In the past I have always felt a little insecure about identifying myself as a Triathlete. I have been competing in Triathlons for over 5 years but only recently have gotten comfortable with the title. One would think that after completing an Ironman and having Mike Reilly announce “You are an Ironman” would resolve any doubt I might still foster about deserving the title. But truly that was not the turning point for me..
The road to believing I warranted a place in the Triathlete community was paved with hard work. Never before have I had to dedicate myself to a single solitary focus. As Margaret Mead said “ I learned the value of hard work by working hard”. I was not endowed with a given talent for sport. Running has been a long time focus for me because it did not require special body type, physical skills, reflexes or flexibility. Biking and swimming have come along after long periods of repetitive practice sessions.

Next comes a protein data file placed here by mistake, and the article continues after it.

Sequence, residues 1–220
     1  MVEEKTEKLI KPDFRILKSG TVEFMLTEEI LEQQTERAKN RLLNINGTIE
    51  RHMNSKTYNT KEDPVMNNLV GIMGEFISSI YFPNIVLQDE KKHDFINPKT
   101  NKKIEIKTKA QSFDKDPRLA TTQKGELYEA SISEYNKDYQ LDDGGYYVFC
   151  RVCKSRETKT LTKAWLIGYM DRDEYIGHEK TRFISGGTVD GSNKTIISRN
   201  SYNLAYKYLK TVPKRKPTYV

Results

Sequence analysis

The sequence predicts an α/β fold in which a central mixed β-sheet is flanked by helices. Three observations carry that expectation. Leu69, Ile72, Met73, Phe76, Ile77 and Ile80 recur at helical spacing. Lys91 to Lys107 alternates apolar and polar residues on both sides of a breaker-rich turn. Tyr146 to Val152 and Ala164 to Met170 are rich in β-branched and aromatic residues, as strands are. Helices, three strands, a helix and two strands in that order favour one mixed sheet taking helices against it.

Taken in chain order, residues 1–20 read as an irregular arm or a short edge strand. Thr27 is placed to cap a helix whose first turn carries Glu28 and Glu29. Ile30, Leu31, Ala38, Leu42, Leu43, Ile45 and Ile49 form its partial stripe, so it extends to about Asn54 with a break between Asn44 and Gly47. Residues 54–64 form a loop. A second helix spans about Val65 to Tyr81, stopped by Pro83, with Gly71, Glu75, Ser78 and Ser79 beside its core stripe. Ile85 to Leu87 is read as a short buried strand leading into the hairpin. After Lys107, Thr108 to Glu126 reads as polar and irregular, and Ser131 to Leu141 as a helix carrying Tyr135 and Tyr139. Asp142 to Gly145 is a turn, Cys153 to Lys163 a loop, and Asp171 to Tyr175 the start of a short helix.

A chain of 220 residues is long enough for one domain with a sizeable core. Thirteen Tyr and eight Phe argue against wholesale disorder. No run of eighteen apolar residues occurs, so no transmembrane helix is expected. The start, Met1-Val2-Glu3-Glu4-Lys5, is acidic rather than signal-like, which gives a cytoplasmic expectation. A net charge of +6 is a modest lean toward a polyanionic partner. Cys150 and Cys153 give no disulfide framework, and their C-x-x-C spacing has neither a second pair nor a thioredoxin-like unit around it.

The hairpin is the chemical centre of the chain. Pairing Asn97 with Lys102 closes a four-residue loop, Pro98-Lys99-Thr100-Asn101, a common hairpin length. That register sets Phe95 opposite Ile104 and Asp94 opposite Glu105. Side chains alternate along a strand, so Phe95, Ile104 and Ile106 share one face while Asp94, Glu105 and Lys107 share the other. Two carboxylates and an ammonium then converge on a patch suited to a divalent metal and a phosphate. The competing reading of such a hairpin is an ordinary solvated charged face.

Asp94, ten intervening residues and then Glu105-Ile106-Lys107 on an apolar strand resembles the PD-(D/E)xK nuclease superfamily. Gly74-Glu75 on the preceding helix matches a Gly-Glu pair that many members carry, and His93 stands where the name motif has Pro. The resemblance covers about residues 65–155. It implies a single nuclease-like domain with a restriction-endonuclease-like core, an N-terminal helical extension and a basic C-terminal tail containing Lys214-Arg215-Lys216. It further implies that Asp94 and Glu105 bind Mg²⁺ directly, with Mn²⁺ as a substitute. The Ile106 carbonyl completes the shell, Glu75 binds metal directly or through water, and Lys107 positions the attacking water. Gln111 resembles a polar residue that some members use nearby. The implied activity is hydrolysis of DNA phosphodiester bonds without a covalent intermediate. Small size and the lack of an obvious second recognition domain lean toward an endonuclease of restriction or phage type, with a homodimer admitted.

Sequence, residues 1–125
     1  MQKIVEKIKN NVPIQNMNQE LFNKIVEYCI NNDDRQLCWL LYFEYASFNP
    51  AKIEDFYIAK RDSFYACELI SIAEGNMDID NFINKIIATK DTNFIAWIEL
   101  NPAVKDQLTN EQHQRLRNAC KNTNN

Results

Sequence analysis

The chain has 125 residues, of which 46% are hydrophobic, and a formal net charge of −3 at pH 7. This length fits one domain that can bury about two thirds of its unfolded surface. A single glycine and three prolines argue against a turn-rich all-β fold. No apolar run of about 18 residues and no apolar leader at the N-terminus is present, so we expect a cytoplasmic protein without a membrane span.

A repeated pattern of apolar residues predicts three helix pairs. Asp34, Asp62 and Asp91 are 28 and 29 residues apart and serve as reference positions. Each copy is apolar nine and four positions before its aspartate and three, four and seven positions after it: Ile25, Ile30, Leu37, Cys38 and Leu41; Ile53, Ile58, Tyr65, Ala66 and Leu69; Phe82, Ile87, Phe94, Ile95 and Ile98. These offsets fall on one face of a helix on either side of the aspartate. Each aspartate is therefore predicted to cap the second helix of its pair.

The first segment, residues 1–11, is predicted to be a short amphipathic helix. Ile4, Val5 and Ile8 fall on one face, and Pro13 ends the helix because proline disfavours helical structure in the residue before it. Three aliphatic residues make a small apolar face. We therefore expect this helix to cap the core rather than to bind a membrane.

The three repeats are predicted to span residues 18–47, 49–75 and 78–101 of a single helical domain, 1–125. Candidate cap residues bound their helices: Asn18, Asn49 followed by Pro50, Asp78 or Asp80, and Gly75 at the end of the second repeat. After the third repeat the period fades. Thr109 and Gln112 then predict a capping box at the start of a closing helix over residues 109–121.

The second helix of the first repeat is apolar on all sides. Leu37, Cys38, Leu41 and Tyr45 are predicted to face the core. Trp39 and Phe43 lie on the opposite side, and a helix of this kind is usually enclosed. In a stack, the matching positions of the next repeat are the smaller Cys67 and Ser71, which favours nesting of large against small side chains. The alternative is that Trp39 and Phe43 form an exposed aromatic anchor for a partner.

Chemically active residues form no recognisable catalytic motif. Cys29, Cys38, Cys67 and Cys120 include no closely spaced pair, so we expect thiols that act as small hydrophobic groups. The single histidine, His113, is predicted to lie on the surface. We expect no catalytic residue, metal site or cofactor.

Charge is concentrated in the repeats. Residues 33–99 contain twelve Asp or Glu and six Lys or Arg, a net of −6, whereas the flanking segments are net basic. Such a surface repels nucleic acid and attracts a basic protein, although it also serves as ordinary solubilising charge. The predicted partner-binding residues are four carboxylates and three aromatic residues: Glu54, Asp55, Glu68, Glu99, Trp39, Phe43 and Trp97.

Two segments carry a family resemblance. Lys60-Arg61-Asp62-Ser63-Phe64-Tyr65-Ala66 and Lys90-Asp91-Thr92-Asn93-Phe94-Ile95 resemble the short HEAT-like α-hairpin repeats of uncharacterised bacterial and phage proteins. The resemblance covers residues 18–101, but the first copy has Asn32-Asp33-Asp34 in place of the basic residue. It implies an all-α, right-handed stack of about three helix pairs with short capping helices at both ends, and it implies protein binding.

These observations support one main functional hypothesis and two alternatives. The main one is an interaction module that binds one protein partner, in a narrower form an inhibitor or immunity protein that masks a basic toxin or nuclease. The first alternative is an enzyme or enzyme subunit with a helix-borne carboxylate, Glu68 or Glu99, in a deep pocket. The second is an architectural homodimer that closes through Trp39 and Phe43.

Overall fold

I listen to a Podcast with author Malcolm Gladwell who discussed his book “Outliers” and the 10,000 hour rule. His message to me in this talk was basically that I could overcome many short comings I have in confidence, attitude and natural ability through an intense yet targeted training plan. In essence, hardworking athletes can make up the gaps in natural ability with a substantial increase in hours of focused practice. Now I’m not suggesting 10,000 hours of practice are required…..or even possible for most age groupers, but getting up from 5 hrs a week to over 20 hours consistently was the turning point which strengthened my belief system and allowed me to feel like I was living the life of a Triathlete. Kind of a “Doing is Believing” scenario.
So now that my target race is done…and I’m back to the 5-10 hrs a week training regime I find myself not feeling very much like a Triathlete. I suppose that is why some get the infamous M Dot tattoo so they can be reminded that they are still triathletes. For me getting back to that early morning targeted workout schedule is my road back to believing I’m still a triathlete. It’s a fleeting sense of identity I don’t take lightly.. It’s an honor and one that must be earned. I believe a Triathletes honor is not in the reward they receive. The honor I have come to learn, has been the reward earned from for what they gave.